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Can the court docket deal with a non-compoundable offence as a compoundable one?

Can the court treat a non-compoundable offence as a compoundable one? written by Shatakshi Kakkar student of Symbiosis Law School, NOIDA



The above case in the Hon’ble Supreme Court is an appeal from the Bombay High Court. In this case, the appellants i.e. Shankar, his wife Parvatibai, and Vivek were convicted under Section 436 of IPC r/w Section 34 of Indian Penal Code (IPC), 1860 (acts are done by several persons having a common intention) as well as Section 323 of IPC r/w Section 34 of IPC, i.e., for the offense of mischief by fire or any explosive substance and for voluntarily causing hurt. The case was decided in the favour of the respondents or the complainants of the original case at both the trial court as well as the High Court and therefore the appellants have preferred this appeal.


Since Vivek i.e. the 2nd appellant has no evidence against him for the evident act of setting fire to the house of Namdeo, is it right to convict him under Section 436 r/w Section 34 of IPC?
Can an offense that is originally not compoundable under the Criminal Procedure Code (CrPC) can be treated as a compoundable offense?


Pertaining to the first issue, the Hon’ble Supreme Court held that since the second appellant i.e. Vivek has no evidence against him setting fire to the house of the complainants neither does he have a common intention to that of the first and the third appellant i.e. Shankar and Parvatibai respectively, he should not be held liable for the offense of causing mischief by fire i.e. Section 436 r/w Section 34 of IPC and hence his conviction is set aside by the Court.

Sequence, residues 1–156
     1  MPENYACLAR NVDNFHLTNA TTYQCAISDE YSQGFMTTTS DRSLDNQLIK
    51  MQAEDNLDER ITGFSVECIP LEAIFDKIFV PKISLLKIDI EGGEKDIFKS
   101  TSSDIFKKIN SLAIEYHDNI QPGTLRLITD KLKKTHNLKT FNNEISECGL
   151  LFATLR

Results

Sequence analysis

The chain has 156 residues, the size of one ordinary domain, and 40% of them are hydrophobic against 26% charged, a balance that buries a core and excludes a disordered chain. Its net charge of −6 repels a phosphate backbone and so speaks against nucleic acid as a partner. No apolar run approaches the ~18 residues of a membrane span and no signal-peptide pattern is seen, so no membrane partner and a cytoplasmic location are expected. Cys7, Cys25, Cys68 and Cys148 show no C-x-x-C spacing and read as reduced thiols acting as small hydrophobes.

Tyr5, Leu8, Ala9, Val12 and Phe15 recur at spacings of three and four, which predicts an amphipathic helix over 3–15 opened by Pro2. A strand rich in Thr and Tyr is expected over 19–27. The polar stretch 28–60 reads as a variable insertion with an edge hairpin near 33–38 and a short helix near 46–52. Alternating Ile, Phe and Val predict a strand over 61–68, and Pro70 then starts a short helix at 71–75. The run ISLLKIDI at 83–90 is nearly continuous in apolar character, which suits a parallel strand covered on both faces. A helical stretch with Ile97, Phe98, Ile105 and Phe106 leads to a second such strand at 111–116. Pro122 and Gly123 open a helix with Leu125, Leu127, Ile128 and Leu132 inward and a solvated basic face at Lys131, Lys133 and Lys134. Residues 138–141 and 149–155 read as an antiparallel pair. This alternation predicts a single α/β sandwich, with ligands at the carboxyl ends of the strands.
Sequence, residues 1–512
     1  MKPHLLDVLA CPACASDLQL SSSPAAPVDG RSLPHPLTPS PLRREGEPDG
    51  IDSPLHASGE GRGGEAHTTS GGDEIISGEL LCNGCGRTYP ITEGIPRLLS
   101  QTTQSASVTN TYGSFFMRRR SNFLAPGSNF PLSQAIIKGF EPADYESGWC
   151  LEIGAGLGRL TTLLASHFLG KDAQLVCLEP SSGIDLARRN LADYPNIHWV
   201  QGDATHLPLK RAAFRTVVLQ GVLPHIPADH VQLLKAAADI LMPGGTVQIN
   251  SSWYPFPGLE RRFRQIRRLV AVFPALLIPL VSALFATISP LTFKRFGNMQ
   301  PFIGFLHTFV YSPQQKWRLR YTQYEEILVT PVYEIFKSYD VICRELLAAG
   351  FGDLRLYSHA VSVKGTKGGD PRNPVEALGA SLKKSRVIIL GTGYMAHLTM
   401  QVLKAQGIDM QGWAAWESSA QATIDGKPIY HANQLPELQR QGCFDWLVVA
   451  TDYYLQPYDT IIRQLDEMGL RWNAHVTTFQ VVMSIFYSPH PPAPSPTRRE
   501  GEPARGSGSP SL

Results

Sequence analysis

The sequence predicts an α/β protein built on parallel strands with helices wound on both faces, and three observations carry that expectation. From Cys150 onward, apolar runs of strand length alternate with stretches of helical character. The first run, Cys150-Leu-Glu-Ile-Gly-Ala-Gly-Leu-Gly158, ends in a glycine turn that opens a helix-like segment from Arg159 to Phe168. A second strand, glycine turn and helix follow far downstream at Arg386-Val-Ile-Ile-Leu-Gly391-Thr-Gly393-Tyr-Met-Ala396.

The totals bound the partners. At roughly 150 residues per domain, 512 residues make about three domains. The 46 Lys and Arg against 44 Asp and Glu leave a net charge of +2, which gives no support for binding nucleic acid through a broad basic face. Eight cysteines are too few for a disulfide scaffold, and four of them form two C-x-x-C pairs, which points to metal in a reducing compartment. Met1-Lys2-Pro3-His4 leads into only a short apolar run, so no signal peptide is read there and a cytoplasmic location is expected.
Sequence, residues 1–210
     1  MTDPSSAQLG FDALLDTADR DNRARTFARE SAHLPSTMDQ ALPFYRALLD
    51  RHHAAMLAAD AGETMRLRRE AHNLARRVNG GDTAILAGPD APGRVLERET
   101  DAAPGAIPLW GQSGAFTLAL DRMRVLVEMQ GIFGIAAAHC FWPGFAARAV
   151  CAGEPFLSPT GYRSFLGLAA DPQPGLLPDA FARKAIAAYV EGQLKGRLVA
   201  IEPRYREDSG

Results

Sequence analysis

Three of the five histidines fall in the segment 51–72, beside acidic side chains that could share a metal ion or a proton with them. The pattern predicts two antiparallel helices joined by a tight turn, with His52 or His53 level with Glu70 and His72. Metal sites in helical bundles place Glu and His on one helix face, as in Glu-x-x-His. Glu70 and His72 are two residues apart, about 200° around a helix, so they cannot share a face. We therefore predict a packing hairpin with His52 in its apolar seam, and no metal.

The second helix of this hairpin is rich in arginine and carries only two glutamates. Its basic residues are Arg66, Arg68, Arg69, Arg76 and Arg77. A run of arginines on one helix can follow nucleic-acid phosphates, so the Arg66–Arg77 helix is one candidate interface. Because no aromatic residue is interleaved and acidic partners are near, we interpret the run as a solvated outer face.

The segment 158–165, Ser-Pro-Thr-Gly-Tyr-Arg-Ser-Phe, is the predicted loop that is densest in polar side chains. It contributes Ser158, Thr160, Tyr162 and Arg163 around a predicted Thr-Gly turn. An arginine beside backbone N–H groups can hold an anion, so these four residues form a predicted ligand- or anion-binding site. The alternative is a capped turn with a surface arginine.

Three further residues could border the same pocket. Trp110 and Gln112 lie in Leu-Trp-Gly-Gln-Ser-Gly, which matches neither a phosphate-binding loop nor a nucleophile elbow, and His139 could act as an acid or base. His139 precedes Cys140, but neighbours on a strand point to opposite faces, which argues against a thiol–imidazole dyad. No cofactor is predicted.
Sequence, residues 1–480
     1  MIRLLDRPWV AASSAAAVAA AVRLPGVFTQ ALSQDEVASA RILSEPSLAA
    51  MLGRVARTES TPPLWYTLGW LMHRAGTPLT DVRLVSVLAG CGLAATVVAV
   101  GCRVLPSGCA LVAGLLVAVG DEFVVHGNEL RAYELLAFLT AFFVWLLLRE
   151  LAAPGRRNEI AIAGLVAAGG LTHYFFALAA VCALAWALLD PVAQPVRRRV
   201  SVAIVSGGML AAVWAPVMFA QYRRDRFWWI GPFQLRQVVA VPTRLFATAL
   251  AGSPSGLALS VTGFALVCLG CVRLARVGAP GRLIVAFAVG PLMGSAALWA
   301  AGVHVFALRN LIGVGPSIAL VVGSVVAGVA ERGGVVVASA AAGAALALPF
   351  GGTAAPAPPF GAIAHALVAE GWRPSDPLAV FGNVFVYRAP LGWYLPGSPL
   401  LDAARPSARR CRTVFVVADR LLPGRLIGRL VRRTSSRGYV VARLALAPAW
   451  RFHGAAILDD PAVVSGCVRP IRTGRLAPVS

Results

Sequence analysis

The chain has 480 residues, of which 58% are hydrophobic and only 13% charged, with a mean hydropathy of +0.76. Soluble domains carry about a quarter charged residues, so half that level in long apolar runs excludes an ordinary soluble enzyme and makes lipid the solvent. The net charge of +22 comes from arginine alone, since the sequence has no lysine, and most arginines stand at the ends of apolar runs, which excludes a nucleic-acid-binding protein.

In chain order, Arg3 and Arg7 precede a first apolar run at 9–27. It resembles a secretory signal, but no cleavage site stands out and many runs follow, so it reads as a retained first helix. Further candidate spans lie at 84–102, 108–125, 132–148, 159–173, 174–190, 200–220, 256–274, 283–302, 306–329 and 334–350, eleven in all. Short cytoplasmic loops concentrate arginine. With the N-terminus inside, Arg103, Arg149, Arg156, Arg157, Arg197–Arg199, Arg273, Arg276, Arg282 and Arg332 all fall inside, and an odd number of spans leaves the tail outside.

As far as the second issue is concerned, it is not considered appropriate to compound an offense which is non-compoundable under the CrPC but the Hon’ble Supreme Court in the following case stated that by considering the circumstances of the case and the relationship of parties at hand, the Court found it suitable to compound an offense, in reality, which is non-compoundable.
The Supreme Court took into consideration the precedent of various cases like Ishwar Singh v. State of Madhya Pradesh [(2008) 15 SCC 667], Murugesan v Ganapathy velar [(2001) 10 SCC 504], Jetha Ram v. State of Rajasthan [(2006) 9 SCC 255], Ishwarlal v. State of M.P. [(2008) 15 SCC 671] as well as Mahesh Chand v. State of Rajasthan [1990 Supp SCC 681] and thereby came to the conclusion that if the parties of the case come to a compromise, such compromise should be given due consideration and if the facts and situations are viable and justified the Court can convert a non-compoundable offense into a compoundable one.
Hence, in the following case, the Hon’ble Supreme Court came to the conclusion that the compromise taken place between the parties is a relevant one, and also the relationship between the parties should also be given due consideration. As a result of the compromise between the parties the conviction of all the three appellants under Section 323 IPC i.e. voluntarily causing hurt is set aside for the remaining period and whatever they have completed till now will be considered completed and they are acquitted of the charges. The second appellant, Vivek is acquitted of the charges of causing mischief of fire under Section 436 of IPC as well.


The following case of Shankar v. the State of Maharashtra reinstated the fact that even a non-compoundable offense i.e. an offense for which no compromise is available under the CrPC can also be converted into a compoundable offense i.e. an offense for which the parties can settle the case after compromising if the Court is satisfied with such compromise keeping in mind all the facts, issues and relationships in due consideration.

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